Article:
Saturday, November 24, 2012

Training Wild Rabbits

Each morning, I set out hay for the next two feedings. A couple of months ago, I started to train the wild rabbits that try to sneak into the hay stall while I have it open when I am working out in the barn. Each time a rabbit came into the barn aisle, I would walk towards it purposely. If the rabbit did not move off fast enough, I would up my energy and speed until the rabbit moved with the speed I wanted, and moved far enough away. After only a little while, the rabbit population started to thin out. A few stubborn ones kept trying. One was smaller, a youngster--probably a teenager rabbit--and would only move off with an attitude, if it could be said that a rabbit has attitude. I started throwing a hay net at him to get him moving off better. I also kept after him further outside the barn, forcing him to move back further away. This week, there have been no rabbit attempts to come into the barn while I am there. I did stroll outside to see them sitting way up the hill watching, but not coming any closer.
So, yes, wild rabbits can be trained. It is all about pressure, release and intent.

Tuesday, November 6, 2012

Feeding Stations

 Autumn Wind enjoys his breakfast. We used railroad ties to hold the stall mats in place and mounted the plywood to the outside of an existing shelter. The bag is tied to a ring on the plywood.

 Lil'Red's station is mounted on an existing corral panel on one side (shown here) and to the roof shelter legs on the other side. We used 4 x 4 pieces of lumber to hold the stall mats.
 Here is a close-up of the ring used to tied the bags. We got these at Home Depot.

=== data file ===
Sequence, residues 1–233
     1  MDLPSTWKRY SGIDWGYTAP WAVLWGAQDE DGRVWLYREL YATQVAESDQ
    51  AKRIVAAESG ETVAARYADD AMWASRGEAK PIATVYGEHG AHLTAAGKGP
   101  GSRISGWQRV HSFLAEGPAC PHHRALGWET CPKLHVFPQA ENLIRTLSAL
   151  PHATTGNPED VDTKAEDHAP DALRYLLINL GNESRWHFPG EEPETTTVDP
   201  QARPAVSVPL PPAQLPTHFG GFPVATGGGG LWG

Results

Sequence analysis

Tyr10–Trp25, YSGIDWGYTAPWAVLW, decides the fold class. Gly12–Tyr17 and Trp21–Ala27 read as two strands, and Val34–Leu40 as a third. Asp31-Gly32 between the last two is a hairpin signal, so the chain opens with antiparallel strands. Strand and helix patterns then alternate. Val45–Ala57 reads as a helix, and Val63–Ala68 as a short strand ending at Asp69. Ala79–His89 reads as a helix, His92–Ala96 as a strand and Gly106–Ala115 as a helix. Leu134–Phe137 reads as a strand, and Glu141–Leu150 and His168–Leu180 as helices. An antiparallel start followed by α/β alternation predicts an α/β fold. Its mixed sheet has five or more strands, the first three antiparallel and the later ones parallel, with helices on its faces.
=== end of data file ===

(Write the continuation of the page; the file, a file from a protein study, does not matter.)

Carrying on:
Yes, the roof truss is wavy! The entire thing was lifted away about 10 years ago in a very strong Santa Ana wind event. It flew over 100 feet away and was only stopped by a pepper tree. It took a tractor and two of us to get it back in place.

 And here is Spirit Seeker enjoying his breakfast. The fly mask shows normal end of season wear; I usually have to get new fly masks every year--sigh.  The plywood for this station is mounted on a free standing roof shelter. The mats are held in with concrete footing.

These feeding stations were built last June by my contractor/handyman and a helper. I am very happy with them. They keep the hay off the ground, which around here is granite, decomposed granite or sand. The SmartPak nets are holding up well and keep the hay where I put it. Nothing slows down these horses much, but the bags have increased eating time by about an hour (going from 2 hours to 3 hours to finish every scrap).
Except for the rings, everything else was "found" material--ie. it was already on the place in the workshop or sitting somewhere, not needed for that job anymore. Alas, we did use up the last of my stashed creosote on these. I bought 5 gallons of that now banned stuff right before it was banned. It is nasty stuff and needed banning, but it sure did its job well here.
I do sweep the sand off the mats a couple of times a week as they kick it on & track it on. That is a very easy job. The plywood, in part, is held to the corral panels by drilling holes in the wood and tying them on with baling string, which is free and plentiful. That stuff lasts for years and as it gets old, I just cut it off and put on new.
The horses like the stations just fine and they sure answered a lot of problems I had.